As Prepared for Delivery
Good afternoon. I’m very glad to join Attorney General Garland, Deputy Attorney General Monaco, and CFTC Chairman Behnam for such an important occasion.
We’re here today to announce the Treasury Department’s historic action—the largest enforcement action in Treasury’s history—against Binance—the world’s largest virtual currency exchange—for its consistent and egregious violations of U.S. anti-money laundering and sanctions laws.
Protecting the U.S. financial system, and through that, the global financial system, is core to the Treasury Department’s mission. And, ever since Binance launched its convertible virtual currency platform, it has knowingly evaded the U.S. laws designed to protect these systems.
Over more than three years, FinCEN, OFAC, and IRS Criminal Investigation thoroughly investigated key aspects of Binance’s activities. Our work revealed that Binance claimed to have exited the U.S. market years ago, but actually did not, retaining U.S. users and other significant ties with the United States. It also had critical gaps in its anti-money laundering program and practices, from a lack of risk-based procedures for various offerings to instructing staff to withhold information from law enforcement. It deliberately undermined its own sanctions monitoring controls, and it failed to report suspicious transactions.
This meant Binance was allowing illicit actors to transact freely, supporting activities from child sexual abuse, to illegal narcotics, to terrorism, across more than 100,000 transactions. That includes transactions associated with terrorist groups like Hamas’s Al-Qassam Brigades, Palestinian Islamic Jihad, Al Qaeda, and ISIS. Binance processed these transactions, but it never filed a single suspicious activity report. And it also allowed over 1.5 million virtual currency trades that violated U.S. sanctions.
So, we have taken the largest enforcement action in Treasury’s history. FinCEN’s settlement agreement assesses a penalty of $3.4 billion. OFAC’s settlement agreement assesses a penalty of nearly $1 billion.
Binance is also required to report the suspicious transactions it has failed to report to date and to establish an effective anti-money laundering program to support the global AML/CFT regime. And the settlement agreements subject Binance to increased scrutiny for five years through a third-party monitor, overseen by FinCEN, who will ensure Binance’s complete exit from the United States. The monitor will be able to access Binance’s systems, transactions, and accounts and will review and report on all actions included in the settlement agreements. Failure to live up to these obligations could expose Binance to substantial additional penalties.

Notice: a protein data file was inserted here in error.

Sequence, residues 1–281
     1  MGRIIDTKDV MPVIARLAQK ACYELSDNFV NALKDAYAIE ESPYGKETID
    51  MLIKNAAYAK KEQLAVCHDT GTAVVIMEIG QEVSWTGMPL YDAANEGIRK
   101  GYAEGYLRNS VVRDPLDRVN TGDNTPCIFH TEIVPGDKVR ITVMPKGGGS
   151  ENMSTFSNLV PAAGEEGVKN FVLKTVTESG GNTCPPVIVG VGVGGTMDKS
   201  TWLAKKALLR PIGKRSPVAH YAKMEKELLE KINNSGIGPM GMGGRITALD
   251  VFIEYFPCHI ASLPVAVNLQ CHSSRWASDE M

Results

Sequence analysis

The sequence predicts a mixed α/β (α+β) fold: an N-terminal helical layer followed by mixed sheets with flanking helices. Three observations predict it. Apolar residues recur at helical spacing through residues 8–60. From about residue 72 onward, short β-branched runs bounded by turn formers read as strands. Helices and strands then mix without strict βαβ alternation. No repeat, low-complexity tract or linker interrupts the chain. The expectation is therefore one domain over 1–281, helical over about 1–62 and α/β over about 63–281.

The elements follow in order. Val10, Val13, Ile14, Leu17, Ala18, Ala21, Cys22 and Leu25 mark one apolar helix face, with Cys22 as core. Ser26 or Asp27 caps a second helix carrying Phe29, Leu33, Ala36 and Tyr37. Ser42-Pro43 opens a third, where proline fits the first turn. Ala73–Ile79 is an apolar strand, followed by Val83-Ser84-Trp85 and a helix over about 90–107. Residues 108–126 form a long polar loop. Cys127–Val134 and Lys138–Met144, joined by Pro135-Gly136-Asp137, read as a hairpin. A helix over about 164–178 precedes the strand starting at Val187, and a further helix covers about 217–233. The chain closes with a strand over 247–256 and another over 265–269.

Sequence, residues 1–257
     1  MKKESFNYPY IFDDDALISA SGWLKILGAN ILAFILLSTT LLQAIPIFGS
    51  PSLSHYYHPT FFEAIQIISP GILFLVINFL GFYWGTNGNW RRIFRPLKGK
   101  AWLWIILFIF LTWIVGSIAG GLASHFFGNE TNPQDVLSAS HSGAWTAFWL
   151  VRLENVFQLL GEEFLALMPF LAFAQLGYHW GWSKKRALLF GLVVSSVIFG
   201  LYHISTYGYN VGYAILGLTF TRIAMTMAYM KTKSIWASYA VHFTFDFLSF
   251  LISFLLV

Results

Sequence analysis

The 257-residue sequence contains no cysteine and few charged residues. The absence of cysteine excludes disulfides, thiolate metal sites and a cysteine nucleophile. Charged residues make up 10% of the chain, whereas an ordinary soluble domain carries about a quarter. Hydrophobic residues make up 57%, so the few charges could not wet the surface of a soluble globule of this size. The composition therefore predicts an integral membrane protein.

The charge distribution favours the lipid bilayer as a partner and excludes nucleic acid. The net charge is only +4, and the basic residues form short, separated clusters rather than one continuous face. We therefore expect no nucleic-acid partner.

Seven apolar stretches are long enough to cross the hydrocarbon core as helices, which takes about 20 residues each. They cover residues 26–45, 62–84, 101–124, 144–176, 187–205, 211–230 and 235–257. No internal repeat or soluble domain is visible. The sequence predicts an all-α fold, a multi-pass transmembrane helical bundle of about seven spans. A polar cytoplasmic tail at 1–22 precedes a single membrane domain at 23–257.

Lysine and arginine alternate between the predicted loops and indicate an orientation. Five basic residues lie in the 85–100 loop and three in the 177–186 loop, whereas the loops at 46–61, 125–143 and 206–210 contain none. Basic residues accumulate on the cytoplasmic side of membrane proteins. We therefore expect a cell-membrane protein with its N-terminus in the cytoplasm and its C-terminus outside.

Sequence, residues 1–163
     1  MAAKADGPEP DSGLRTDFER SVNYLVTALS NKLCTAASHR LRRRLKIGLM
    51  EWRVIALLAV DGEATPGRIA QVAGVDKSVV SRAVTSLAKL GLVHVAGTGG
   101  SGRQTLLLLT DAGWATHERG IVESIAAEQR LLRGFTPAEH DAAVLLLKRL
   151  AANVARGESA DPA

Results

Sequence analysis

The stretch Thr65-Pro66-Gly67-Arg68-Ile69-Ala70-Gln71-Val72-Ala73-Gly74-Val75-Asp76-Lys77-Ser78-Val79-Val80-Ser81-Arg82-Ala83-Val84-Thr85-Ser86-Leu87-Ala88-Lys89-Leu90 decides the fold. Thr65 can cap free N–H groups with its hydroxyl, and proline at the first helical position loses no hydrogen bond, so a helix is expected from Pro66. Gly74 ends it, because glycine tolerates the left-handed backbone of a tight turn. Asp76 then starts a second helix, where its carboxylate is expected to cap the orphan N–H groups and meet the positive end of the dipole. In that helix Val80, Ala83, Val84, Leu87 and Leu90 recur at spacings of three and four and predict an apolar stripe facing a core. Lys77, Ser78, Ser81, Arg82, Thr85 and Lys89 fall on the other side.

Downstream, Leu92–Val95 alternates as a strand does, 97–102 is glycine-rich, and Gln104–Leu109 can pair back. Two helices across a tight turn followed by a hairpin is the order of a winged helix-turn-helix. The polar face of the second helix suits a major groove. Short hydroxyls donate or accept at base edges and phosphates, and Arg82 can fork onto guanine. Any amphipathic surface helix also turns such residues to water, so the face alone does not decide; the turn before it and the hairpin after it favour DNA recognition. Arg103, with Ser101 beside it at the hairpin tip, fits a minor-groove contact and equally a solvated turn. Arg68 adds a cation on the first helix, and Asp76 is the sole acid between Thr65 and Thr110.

The result of these agreements will be an end to company behavior that has posed risks to the U.S. financial system, U.S. citizens, and our country’s national security for too long.
And let me be clear: We are also sending a message to the virtual currency industry more broadly, today and for the future.
If virtual currency exchanges and financial technology firms wish to realize the tremendous benefits of being part of the U.S. financial system and serving U.S. customers, they must play by the rules. And if they do not, the U.S. government will take action.
Today’s announcement shows that Treasury is prepared to use its all of its tools to carry out its crucial mandate of combatting illicit finance and protecting the U.S. financial system. This will make all of us safer.
I want to end by thanking FinCEN, OFAC, and IRS Criminal Investigation employees, who play a central role in protecting our national security. Adequate resourcing was critical to carrying out this work. Thank you also to the partner agencies here today for such effective collaboration.
With that, I’ll turn the floor over to Deputy Attorney General Monaco.